December 3, 2013
This is Mark Vickery covering for Sheraz Mian, who will be away
on business until the second week of December.
With the initial surge of holiday retail season receding in the
rear-view, focus now changes to November employment numbers.
Wednesday's ADP private sector report will be followed by
Friday's Bureau of Labor Statistics (BLS) non-farm payroll
The year 2013 has been quite decent for the jobs market overall.
Unemployment has fallen from 7.9% in January of this year to 7.2%
in September, then 7.3% in last month's report. (Remember it
wasn't all that long ago -- October 2009 -- that we saw
unemployment hit 10%.) Hopefully, with federal government issues
like The Shutdown also in our rearview mirror, we'll see a "pure"
jobs report, free of any dysfunctional static.
Expectations are for roughly 180,000 new jobs created in the
previous month. This is down from the previous 3-month average of
202,000, so feel free to consider the possibilities of a positive
Holiday season is always better for employment, generally, with
seasonal employees manning the retail shops while customers go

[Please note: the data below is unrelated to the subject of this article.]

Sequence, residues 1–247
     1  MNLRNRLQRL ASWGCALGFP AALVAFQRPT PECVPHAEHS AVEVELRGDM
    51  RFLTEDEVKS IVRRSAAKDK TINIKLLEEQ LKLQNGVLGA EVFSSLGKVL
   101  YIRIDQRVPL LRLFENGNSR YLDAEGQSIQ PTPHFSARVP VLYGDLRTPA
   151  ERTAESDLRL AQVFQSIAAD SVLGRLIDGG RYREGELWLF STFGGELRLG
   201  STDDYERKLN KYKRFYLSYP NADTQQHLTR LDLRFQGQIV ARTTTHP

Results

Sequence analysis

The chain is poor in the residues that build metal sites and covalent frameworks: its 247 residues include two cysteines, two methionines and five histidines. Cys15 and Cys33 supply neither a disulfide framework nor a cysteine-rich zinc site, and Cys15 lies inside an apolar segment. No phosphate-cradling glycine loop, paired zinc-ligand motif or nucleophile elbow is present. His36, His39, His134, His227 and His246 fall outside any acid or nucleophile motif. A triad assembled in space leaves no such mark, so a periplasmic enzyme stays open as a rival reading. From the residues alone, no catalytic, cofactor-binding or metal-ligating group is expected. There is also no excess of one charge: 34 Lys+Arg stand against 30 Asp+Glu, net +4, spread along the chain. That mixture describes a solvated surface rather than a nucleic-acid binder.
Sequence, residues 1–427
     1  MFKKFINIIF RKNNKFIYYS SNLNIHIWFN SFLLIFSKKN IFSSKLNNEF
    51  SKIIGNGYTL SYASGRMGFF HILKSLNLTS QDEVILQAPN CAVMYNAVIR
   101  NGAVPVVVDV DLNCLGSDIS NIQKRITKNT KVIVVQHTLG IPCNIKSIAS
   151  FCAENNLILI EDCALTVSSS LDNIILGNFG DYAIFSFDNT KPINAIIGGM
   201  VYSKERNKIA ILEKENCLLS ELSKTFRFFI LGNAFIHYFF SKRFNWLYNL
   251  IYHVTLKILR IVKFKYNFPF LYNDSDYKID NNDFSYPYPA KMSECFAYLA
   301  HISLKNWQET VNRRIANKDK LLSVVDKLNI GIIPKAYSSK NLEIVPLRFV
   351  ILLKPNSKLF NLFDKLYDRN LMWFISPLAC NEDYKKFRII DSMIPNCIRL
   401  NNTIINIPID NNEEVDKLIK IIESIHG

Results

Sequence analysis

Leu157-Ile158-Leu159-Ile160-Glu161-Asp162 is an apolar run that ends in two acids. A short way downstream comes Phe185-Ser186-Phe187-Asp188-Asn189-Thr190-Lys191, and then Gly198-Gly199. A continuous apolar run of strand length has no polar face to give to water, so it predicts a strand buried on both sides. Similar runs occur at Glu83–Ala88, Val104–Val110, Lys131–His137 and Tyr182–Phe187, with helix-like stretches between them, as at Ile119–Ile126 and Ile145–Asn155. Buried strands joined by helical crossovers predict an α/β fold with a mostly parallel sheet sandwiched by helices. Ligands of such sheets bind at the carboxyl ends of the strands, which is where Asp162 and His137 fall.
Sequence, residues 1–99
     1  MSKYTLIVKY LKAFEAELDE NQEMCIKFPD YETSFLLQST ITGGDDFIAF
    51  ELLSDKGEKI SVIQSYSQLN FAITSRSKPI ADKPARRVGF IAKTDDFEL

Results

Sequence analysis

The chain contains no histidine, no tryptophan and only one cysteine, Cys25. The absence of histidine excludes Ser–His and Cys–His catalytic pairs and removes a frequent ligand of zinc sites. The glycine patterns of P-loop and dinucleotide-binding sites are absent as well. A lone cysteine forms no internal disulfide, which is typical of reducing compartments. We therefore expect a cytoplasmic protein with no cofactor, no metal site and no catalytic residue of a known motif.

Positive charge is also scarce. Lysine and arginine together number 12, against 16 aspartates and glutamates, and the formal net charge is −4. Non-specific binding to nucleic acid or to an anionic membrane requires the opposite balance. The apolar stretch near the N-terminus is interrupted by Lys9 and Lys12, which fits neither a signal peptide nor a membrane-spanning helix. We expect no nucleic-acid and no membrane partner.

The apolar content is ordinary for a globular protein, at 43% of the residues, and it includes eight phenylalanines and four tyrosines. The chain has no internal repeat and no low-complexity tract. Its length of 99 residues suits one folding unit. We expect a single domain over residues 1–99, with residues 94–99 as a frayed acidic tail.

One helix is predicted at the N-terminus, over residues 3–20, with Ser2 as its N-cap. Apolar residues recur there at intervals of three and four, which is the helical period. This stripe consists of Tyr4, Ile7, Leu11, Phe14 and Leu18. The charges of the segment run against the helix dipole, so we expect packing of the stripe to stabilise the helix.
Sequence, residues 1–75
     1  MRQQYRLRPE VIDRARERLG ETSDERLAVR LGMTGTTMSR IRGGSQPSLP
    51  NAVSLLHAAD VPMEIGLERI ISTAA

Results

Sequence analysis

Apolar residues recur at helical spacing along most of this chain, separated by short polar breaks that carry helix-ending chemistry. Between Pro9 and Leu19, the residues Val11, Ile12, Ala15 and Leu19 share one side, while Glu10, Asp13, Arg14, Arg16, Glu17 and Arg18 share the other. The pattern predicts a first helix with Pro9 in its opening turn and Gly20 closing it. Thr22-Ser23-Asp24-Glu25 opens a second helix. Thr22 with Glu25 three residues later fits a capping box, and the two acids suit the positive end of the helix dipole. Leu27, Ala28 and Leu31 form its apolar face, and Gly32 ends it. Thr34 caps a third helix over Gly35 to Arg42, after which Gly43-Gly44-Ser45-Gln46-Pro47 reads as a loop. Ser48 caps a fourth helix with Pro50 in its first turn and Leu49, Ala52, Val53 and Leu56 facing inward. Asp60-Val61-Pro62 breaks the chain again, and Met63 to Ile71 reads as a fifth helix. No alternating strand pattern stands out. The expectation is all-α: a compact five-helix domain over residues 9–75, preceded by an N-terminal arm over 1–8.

bonkers trying to buy gifts for their loved ones (and themselves)
at attractive discount prices. But perhaps that will manifest
itself in the employment figures for December (next month's
report) than this week's.
And if we do happen to see better-than-expected employment
numbers, its implied positive impact on the economy would
naturally lead analysts to conclude the Federal Reserve's
tapering policy may move closer to the front burner. And while
tapering is unlikely during the remainder of Ben Bernanke's
tenure as Fed Chair, the spotlight moves straight to Janet
Yellen, the question not being "if" but "when."
Of course, that brings about this rare conundrum our market has
been experiencing of late: a more-rapidly improving economy
actually puts a damper on market futures, as the "free lunch" of
the tapering program would finally expect companies to earn
profits on their own. This would add uncertainty to the market,
and we all know how much the market loves uncertainty. Then
again, it's got to happen sometime for the health of our economy
to improve, so…
In any case, though 2013 was ultimately a mildly positive one
overall for investors (who hadn't bought
] in 2012 and sold in the first week of October), there are
plenty of reason to feel 2014 will be even better. A continued
strengthening in employment, and therefore the economy, will do a
great deal to heighten investors' expectations further.
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